Reducing EMC from a long trace where one end is normally floating

Following on from this question about a PCB layout with EMC issues, I'm currently reworking the design to minimise breaks in the ground plane and try and identify any other EMC issues.

One thing that caught my eye was a relatively long (40mm) 5V trace that runs across the board. This trace runs to a connector that is used for debugging and is there to allow the board to be conveniently powered from the debug connector, without the need to wire in the main power supply. However, during normal operation, this ends up being an unterminated trace that is connected to the SMPS 5V, and is probably acting as an antenna, radiating switching noise and possible picking up the GSM signal and injecting it back into the board.

One simple solution is to simply not have that trace at all and require the board be externally powered during programming. However, this got me thinking: in situations where removing the trace may not be practical, how would you go about eliminating the negative EMC effects caused by traces like that, which are normally left disconnected?

• Impedance match with parallel resistor to ground. Change the trace so it has characteristic impedance such that the resistor doesn’t draw too much current. But seriously, don’t leave large floating traces. – user110971 Aug 26 '19 at 9:13
• An RC termination to ground as close as possible to the end of the net is where I would start. Set a cutoff frequency a bit above the SMPS loop crossover frequency (perhaps an octave). – Peter Smith Aug 26 '19 at 10:13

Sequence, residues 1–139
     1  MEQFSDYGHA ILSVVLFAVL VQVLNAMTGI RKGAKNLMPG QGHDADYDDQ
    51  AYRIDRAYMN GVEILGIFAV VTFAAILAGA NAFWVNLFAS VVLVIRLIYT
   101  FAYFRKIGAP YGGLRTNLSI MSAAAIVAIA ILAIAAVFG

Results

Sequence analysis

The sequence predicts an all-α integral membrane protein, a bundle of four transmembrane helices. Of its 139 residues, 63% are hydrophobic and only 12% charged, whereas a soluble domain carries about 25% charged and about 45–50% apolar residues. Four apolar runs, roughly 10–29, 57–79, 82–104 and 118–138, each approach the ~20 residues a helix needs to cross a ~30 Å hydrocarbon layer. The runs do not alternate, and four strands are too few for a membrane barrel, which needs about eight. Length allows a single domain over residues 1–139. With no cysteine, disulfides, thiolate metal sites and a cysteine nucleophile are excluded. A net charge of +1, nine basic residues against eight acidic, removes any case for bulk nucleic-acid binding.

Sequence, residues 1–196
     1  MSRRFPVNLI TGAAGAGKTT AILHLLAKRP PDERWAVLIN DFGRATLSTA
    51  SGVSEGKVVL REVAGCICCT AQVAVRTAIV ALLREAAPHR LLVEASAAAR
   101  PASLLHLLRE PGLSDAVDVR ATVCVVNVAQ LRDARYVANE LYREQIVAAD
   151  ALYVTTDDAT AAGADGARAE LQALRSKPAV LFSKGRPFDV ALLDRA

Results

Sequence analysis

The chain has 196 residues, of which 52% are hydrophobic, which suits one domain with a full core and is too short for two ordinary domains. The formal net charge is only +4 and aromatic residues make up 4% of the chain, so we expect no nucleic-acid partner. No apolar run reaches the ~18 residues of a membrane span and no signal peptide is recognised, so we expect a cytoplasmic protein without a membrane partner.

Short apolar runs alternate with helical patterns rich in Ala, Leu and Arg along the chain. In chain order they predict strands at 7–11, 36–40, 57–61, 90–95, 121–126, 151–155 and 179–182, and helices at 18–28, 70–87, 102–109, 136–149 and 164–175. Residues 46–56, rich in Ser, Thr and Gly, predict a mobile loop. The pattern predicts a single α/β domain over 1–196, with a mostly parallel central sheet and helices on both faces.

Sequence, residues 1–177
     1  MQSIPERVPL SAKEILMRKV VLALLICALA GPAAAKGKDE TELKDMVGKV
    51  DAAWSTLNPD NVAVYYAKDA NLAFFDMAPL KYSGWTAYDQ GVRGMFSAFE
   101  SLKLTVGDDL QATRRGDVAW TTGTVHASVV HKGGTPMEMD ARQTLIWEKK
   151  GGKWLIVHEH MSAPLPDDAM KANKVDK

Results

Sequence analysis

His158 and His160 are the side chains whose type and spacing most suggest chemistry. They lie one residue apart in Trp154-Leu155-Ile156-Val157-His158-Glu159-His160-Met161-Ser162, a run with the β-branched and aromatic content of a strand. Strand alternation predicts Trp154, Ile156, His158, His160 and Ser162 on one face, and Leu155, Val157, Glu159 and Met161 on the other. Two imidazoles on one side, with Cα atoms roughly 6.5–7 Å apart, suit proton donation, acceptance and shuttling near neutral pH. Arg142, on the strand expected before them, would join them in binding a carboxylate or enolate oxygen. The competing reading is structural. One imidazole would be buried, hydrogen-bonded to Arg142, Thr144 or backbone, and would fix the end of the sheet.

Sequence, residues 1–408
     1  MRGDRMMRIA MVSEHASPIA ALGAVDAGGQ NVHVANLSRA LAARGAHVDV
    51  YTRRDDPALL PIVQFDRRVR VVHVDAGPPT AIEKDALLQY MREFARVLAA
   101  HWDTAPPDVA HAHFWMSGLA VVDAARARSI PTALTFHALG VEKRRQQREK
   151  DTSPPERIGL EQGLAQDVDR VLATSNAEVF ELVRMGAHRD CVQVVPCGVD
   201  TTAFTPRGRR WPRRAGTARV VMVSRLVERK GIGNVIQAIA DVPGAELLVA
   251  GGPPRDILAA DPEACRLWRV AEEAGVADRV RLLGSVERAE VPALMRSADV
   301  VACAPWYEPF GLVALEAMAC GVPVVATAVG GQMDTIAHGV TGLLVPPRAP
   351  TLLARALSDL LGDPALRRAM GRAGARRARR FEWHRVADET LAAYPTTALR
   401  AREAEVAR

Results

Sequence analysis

• @user110971 thanks for your comment. My understanding of what you've said is as follows: calculate/measure the impedance of the trace (I guess calculating using the trace thickness and geometry is simpler) and then place a similar valued resistor at the end to ground. This is to allow maximum transfer of the RF power to the resistor, thus preventing any reflections from flowing back up the trace and into the rest of the circuit. I guess in this case, though I need to actually know the frequency of the noise involved. Is that correct? – Inquisitive Engineer Sep 9 '19 at 11:45
• @InquisitiveEngineer I did turn my comment into an answer, so you can read that for more details. In short, yes. However you do not need to know the frequency of the noise. The resistor has the same value for all frequencies of interest. The reason for doing that is to prevent reflections, but not because it will feed back to the source. It’s to prevent the trace from resonating, thus becoming an antenna. See the last figure in my answer below. At the quarter wavelength, 3/4 wavelength etc. the track resonates and becomes a very good antenna. If you impedance match it, you can prevent this. – user110971 Sep 9 '19 at 11:53